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Latitude: 55.7925 / 55°47'32"N
Longitude: -4.6424 / 4°38'32"W
OS Eastings: 234434
OS Northings: 658621
OS Grid: NS344586
Mapcode National: GBR 39.81QG
Mapcode Global: WH2N4.NNKS
Entry Name: Lochwinnoch, Largs Road, Saint Joseph's (Formerly Garthland) Including Chapel and Dormitory
Listing Date: 30 May 2006
Source: Historic Scotland
Source ID: 398545
Historic Scotland Designation Reference: LB50473
Building Class: Cultural
Electoral Ward: Johnstone North, Kilbarchan, Howwood and Lochwinnoch
Traditional County: Renfrewshire
David King, 1796; altered and extended 1820-1830. 7-bay, 2-storey with upper breaking eaves, irregular-plan Tudor style mansion house linked to 3-storey, 7-bay 1936 dormitory block to right and single storey chapel to left, 1943 by Thomas Cordiner.
HOUSE: advanced gabled entrance bay with stone cross finial and prominent pitched roofed and arcaded timber and glazed porch; wide canted 5-light window with castellated parapet to right; advanced gabled bay further right. Pedimented breaking eaves dormers with fleur-de-lys finials and scroll decoration; tall, Tudor diamond-shafted chimneystacks. Advanced and recessed gables to S (side) and rear elevations with blind windows, pedimented and box dormers. Stugged, squared and snecked yellow sandstone rubble; raised ashlar margins and dressings; base course; banded eaves course. Coped sandstone skews; moulded skewputts
Predominantly 12-pane timber sash and case windows, some plate glass in sash and case windows. Pitched grey slates; lead flashings and ridge mouldings. Irregular ridge and gable end chimneystacks, Cast-iron rainwater goods.
INTERIOR: fine plasterwork cornices and ceiling roses to principle ground floor interiors. Dog-leg stair with cast iron, ornamental balusters and mahogany hand-rail.
CHAPEL: Thomas Smith Cordiner, 1943. 6-bay, single storey, buff brick Roman Catholic chapel on E-W axis accessed via 3 bay, 2 storey brick wing linked to house to W. Central circular apse with conical roof to E; relief sculpture of Saint Joseph by John Mortimer flanking stained glass windows. External door at E end of S wall. Metal casement windows with glazing bars and hoppers; four spoked, circular wheel-window to gabled rear (W) elevation; slated roofs. Barrel vaulted interior; six side chapels; Art Deco pink and black marble altar pieces with mosaic panels; wooden pews.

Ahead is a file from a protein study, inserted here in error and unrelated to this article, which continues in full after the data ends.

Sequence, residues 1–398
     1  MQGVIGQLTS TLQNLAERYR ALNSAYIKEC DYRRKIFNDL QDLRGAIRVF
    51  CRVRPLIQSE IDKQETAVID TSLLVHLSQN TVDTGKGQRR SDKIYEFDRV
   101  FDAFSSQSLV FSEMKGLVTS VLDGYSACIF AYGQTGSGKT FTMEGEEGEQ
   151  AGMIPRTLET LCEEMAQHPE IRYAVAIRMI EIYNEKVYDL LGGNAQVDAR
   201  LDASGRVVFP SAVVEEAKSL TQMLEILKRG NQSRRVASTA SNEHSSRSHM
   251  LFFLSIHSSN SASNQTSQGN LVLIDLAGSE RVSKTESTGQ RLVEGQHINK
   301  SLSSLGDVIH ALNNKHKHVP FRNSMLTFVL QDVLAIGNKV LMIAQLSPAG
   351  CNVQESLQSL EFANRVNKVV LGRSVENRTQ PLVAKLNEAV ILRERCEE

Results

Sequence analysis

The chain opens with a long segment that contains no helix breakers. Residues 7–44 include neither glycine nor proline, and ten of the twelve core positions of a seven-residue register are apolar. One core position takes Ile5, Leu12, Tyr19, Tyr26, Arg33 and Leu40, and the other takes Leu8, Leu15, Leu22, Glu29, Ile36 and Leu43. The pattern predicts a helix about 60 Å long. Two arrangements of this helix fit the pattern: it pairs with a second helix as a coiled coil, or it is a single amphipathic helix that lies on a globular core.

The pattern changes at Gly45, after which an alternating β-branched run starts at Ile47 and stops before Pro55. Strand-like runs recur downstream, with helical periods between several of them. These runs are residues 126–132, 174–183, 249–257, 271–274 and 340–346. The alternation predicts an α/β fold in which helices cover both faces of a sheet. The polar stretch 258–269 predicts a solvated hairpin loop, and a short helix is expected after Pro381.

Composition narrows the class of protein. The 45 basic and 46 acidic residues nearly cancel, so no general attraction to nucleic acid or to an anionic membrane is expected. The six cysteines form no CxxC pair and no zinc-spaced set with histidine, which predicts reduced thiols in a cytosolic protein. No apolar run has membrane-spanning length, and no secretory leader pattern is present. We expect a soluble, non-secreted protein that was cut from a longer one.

DORMITORY BLOCK TO N: 8-bay, 3-storey, rectangular-plan hospital ward block and plain Art-Deco style. Prominent entrance and stair tower with long multi-paned window; 1st and 2nd storeys recessed. Coursed red sandstone rubble with ashlar margins; coursed polished red sandstone ashlar at advanced ground floor level. Large, multi-paned metal casement windows. Bonded brick wall to far left adjoining house at ground floor.
ANCILLARY STRUCTURES: 19th century workshop building adjoining house to rear, with walled garden and associated ancillary structures occupying ground to immediate West.
A good example of an early 19th century Tudor mansion featuring prominent, multiple diamond shafted, coped chimney stacks. The layout and detailing of the 19th century house is relatively unaltered, since later additions have not compromised any of the original fabric of the house which, although linked, remains separate.
Known originally as Barr House, St Joseph's was built by David King in 1796 for James Adam, who sold it in 1820 to William Macdowall, 20th of Garthland and one time Provost of Glasgow. William had completed the sale of ancestral lands of Garthland in Wigtonshire in 1811. He renamed the building Garpel, and then Gathland, extending it northwards (1820-1935). Henry Macdowall, 26th of Garthland, sold the building to the Mill Hill Foreign Missionary Society at which time it became the St Joseph's College for Missionaries (1935-1985), and then St Joseph's Nursing Home (1985-2004).
Thomas Cordiner (1902-1965) completed a number of Roman Catholic church commissions in Glasgow later in his career including the Immaculate Heart of Mary, St Margaret Mary's RC Church and Presbytery and St Thomas the Apostle (all listed category B). He was elected FRIBA on 11 January 1949. John Mortimer (1912-1961) collaborated with Cordiner on a similar project at the Convent of the Good Shepard, Bishopton, 1952.
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